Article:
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The trusts to buy for rising dividends

Biotech trust Trump benefit may be shortlived

By Dave Baxter, Investors’ Chronicle, February 28, 2023:

High dividend yields can be hard to resist, and there are many currently on offer in the investment trust universe. But a high yield can reflect recent price volatility, as with embattled Home REIT (HOME), or be a result of an especially esoteric portfolio, an example being Fair Oaks Income (FAIR). A high yield is not always a free lunch.

A more important consideration, however, is whether a trust can grow its dividend over the long term and help investors to offset the ravaging effects of inflation. Trusts that can do this may well prove more useful as long-term holdings than the highest yielders.

The biggest names with a committed stance on this front are well-known. Funds on the Association of Investment Companies (AIC) dividend heroes list, such as UK income stalwart City of London Investment Trust (CTY), which was recently on a 4.7 per cent yield, and Bankers Investment Trust (BNKR), recently on 2.3 per cent, have raised their dividends for at least 20 years in a row. And names such as Murray International Trust (MYI) are included in the AIC’s list of “next-generation dividend heroes” after having increased their dividends for at least 10 years in a row.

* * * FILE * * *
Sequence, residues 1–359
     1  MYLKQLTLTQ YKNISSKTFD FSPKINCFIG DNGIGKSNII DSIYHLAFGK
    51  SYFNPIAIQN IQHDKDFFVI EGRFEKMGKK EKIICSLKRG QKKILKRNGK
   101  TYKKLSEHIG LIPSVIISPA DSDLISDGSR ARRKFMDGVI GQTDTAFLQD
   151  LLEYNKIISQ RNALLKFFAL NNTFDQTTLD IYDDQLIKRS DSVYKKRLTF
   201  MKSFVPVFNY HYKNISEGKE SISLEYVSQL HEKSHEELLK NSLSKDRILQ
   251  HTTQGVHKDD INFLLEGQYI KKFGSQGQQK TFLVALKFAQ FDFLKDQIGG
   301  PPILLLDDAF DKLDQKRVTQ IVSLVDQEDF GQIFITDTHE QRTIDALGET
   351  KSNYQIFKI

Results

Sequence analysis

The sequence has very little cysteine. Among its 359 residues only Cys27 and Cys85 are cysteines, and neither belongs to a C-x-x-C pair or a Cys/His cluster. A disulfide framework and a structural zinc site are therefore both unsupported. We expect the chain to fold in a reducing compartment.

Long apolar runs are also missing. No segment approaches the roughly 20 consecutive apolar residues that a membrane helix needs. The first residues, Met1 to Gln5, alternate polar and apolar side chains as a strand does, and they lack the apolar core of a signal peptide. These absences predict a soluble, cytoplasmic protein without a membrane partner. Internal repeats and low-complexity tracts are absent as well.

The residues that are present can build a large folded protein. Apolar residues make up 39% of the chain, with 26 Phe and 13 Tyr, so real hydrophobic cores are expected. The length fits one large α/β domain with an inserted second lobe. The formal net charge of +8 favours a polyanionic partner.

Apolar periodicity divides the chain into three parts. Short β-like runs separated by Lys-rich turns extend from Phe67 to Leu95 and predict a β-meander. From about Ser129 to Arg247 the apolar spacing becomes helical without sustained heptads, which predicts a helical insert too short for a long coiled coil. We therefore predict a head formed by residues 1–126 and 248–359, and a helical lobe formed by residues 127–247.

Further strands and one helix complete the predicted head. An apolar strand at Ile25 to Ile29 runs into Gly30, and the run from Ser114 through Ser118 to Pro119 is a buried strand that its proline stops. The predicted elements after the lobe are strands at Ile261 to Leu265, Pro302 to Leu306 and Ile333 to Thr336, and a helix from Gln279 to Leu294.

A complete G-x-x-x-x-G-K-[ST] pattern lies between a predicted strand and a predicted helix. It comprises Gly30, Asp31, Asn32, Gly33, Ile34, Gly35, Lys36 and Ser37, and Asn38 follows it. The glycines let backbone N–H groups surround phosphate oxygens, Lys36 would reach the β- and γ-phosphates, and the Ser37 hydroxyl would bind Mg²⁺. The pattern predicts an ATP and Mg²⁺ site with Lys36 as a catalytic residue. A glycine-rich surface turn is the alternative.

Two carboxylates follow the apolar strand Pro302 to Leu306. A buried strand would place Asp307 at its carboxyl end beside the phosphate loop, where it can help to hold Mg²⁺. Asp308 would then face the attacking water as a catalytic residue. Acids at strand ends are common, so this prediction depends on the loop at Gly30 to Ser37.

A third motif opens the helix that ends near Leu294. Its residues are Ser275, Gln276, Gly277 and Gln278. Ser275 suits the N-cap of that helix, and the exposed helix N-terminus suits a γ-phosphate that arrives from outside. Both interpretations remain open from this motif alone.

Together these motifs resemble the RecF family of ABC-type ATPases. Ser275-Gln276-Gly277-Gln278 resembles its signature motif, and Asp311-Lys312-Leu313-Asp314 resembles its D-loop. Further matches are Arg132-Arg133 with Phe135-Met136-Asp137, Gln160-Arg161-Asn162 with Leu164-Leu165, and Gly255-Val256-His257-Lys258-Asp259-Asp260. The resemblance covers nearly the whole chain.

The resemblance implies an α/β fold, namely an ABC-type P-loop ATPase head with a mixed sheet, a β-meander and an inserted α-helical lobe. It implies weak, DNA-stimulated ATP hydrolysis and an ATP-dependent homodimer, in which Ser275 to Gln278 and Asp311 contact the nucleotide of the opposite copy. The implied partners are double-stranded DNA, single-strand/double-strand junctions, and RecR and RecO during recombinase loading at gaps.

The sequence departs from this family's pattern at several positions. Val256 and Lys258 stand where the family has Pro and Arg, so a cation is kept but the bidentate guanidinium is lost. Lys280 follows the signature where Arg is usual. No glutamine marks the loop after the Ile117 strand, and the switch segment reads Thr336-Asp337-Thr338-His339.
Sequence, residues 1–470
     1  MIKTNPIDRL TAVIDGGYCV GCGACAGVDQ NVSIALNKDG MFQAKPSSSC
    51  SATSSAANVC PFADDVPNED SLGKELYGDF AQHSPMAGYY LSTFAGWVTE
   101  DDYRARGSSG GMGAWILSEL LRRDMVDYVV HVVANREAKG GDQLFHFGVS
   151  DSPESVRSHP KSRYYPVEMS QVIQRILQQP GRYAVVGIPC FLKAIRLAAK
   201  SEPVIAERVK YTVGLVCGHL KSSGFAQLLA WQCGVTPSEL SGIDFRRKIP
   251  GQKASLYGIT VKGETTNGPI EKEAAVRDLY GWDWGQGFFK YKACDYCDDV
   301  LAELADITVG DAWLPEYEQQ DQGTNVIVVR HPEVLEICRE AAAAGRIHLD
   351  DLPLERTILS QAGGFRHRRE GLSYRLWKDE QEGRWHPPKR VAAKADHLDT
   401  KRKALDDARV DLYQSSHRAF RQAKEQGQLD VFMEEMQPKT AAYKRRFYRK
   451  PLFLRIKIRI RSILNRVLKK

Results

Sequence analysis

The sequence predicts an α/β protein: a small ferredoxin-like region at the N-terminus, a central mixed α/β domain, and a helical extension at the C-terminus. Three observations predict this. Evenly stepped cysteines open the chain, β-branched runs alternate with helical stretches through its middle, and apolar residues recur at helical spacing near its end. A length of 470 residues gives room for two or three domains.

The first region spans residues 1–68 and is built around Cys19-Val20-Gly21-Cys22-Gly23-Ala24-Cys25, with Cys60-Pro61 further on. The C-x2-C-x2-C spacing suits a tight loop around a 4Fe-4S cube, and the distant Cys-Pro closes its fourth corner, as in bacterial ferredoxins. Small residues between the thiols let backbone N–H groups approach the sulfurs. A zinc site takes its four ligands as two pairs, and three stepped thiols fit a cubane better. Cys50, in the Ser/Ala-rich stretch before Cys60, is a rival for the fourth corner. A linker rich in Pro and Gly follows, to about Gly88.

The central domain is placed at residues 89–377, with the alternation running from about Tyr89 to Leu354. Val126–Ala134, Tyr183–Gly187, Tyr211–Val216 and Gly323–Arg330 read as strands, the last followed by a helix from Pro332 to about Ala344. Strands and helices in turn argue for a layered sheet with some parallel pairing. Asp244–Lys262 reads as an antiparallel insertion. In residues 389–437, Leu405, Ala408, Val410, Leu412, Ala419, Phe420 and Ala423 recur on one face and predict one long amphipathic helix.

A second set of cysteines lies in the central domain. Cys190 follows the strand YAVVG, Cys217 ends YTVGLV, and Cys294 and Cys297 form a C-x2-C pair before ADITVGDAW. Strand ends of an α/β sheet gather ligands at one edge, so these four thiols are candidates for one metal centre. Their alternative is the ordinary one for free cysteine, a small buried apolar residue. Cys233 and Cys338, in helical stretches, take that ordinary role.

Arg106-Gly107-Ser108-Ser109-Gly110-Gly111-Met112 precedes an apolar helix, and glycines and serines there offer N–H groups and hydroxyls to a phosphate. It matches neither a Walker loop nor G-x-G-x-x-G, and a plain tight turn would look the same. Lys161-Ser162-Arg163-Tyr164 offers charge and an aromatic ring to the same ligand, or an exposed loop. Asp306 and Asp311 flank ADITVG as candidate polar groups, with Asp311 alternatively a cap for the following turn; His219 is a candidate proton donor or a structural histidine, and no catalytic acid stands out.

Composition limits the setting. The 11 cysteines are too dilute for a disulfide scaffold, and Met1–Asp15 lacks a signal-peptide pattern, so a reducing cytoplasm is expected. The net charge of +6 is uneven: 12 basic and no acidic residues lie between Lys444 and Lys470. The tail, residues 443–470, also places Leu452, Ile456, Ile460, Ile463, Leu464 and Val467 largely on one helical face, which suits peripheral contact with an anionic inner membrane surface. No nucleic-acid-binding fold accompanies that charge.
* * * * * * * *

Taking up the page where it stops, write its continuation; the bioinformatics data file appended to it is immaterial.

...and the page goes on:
Both lists are a useful starting point if you want to find funds committed to growing their dividends over time. However, the criteria used mean that many trusts in less mature sectors fail to make the cut. So at a time when the merits of rising dividends are especially obvious, it’s worth finding out which other trusts stand out for offering greater payouts over the years.

In-built linkage

Given the inflation-linked nature of some of their revenues, it’s unsurprising to see trusts invested in real assets standing out…

The renewables trusts have held up especially well amid the recent surge in inflation thanks to higher power prices, although were vulnerable to a rise in gilt yields late last year. However, it’s worth noting that not all of these types of trusts are committed to increasing their dividends in line with inflation. A commitment that the trust will do this or at least increase the dividend over time can be one key detail to seek out in its documents and reports. QuotedData’s head of investment company research, James Carthew, notes that NextEnergy Solar Fund (NESF) has maintained a policy of matching its dividend increases to inflation for now, although its board is more generally committed to a progressive dividend policy.

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